For 5 days we have had little or no internet, so this is a long delayed--and very long--post.  Keep checking if only parts show up. 

And no, we have not been waiting for one last beer or cup of mint tea.  The "bar is closed" means the waves

Fun with scarves in the souk
Our trip to Fes really outstripped our expectations. Everyone said it was well worth a visit, and we began serious planning after reading the account of a trip to Fes in the blog published by Balvenie – fellow cruisers who left Rabat on their way to the Canaries as we were arriving. They had stayed at a small B&B in the medina called Dar Fes Medina, and raved about it, so we emailed with our choice of dates, only to find that they were full on Monday and Tuesday.  But we were able to book Tuesday and Wednesday nights, which worked out just as well, given the fact that the bar (entrance from the sea to the river leading to the marina) would still be closed and we couldn’t leave. The train station in Salé ville on our side of the river is very close to us, and we bought our tickets the day before – first-class, to make sure we had a seat and non-smoking conditions, and the price was very reasonable: roughly $25 each round trip, for a 3 hour journey.

                We left on the 11:25 train, arriving at the very new and spiffy train station in Fes at 2:30. Jane asked an English woman whom we met in Salé train station, who runs a guesthouse here, what we should expect to pay for a taxi to the Dar, and the response was “oh, around 50 dirhams” so when one of the taxi drivers out front said 40 dirham to take us to the Bab Ziat (the Ziat Gate into the medina), we agreed with pleasure. Naturally, as we were preparing to return to Rabat we asked our host at the Dar about taxi prices, and he was horrified at what we had paid – so on the return taxi ride to the train station we took a taxi with the meter engaged and were charged a little over 8 dirhams! Oh well, you learn all the time.  Since a dirham is about 12 cents US, we can just average the two prices and still come out with an inexpensive taxi.

neighborhood baker, Fes
Our taxi let us out at the gate, and then we had to make our way on foot into the medina to the Dar, which was just inside the gate. We had a map, but this is the largest medina in the world, our guide told us, with something like 6000 streets and a population of 400,000 living inside the walls. Behind a breathtakingly beautiful carved wooden door, we found our dar. We were ushered in and seated in a comfortable anteroom and provided with mint tea and cookies, after which host/owner Mohammed arrived to welcome us and help us plan our visit.  We arranged a dinner in a house/restaurant for that evening, and a full day tour with a guide for the next day--at a cost of only $36 US.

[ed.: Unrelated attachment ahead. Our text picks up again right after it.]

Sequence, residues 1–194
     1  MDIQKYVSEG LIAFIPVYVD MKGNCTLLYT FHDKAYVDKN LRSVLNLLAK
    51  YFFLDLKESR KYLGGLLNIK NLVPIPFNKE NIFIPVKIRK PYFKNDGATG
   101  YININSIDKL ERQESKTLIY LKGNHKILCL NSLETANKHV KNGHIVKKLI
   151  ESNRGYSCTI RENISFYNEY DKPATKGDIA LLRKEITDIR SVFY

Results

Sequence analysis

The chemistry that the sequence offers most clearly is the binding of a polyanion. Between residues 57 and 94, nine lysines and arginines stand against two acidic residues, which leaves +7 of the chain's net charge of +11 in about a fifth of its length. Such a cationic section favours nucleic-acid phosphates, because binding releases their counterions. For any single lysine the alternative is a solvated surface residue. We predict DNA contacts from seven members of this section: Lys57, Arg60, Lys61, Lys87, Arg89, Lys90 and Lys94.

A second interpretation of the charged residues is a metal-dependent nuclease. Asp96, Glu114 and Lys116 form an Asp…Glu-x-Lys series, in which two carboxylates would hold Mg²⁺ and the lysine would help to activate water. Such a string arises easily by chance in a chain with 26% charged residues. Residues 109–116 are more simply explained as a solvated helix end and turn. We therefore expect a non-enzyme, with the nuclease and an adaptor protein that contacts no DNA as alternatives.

Our dinner was wonderful. Fuad, the owner of the restaurant, came to pick us up in his car and also drove us home – otherwise we’d never have found the place and certainly wouldn’t have been able to get home in the dark.  Since cars and motorbikes are allowed only on the very fringes of the medina, we were driven  around the medina, inside another gate, and then  Fuad walked us to the restaurant.  Fuad’s wife and mother were the primary cooks, and it was soon obvious that Madame Fuad, a delightful plump young woman who clearly loved what she did, played a major role. The first course was “vegetables” which turned out to be  a large number of individual plates of wonderful stuff, including carrots with cumin, an eggplant mix, something with zucchini, olives, lentils, potatoes, spicy cauliflour, rice, three large flat rounds of bread, and several other dishes. The lamb arrived steamed, with cumin and salt for us to add as we liked, and with a side dish of rice with nuts and cinnamon sugar. Once we were happily sated, we got the tour of the house, which is 500 years old, and has been in Fuad’s family for  100 years. It is also a dar, which means “house”, specifically one built with several stories of balcony rooms around a central space which soars to a rooftop skylight.  It is not an open courtyard garden.  The other kind of residence is called a riad, and those are usually larger and have a garden.

                It’s a good thing we had that long and filling dinner on our first night in Fes, because by the end of our medina tour the next day we didn’t have the energy left for such a feast.  Our guide Hakim picked us up at 9:30 and we didn’t get back to the Dar until at least 5 pm – what was supposed to be a five-hour tour lasted much longer, with out any extra charage, and was superb. We saw several medersas (Koranic schools), including al-Karouine, which is the oldest university in the world, dating from the 9th century. Among others, Ibn Khaldun and Moses Maimonides studied and taught there. We weren’t allowed far inside these, because they were still functioning, but we could see the beautiful tile, woodwork, fountains, and carved plaster decorations that characterize the architecture here. We visited the tanneries (think Moroccan leather), a souk full of woodworkers and stalls where they were building large ornate wedding furniture which one rents for the occasion – a big palanquin in which the bride is carried, and a huge wedding throne, etc. We visited a carpet cooperative and had a wonderful time learning about Berber carpets. Just as we were getting to the point in the discussions where Jane and I were expecting Harry to take over with the final reiteration of “we love carpets but of course we cannot buy anything as we live on a boat, Harry said of the carpet Jane liked best “is that your best price?” Jane’s face registered total shock when she realized Harry also loved the carpet, which the showing expert called a Berber Picasso because of the way it uses color and design.  It’s indescribable – and beautiful.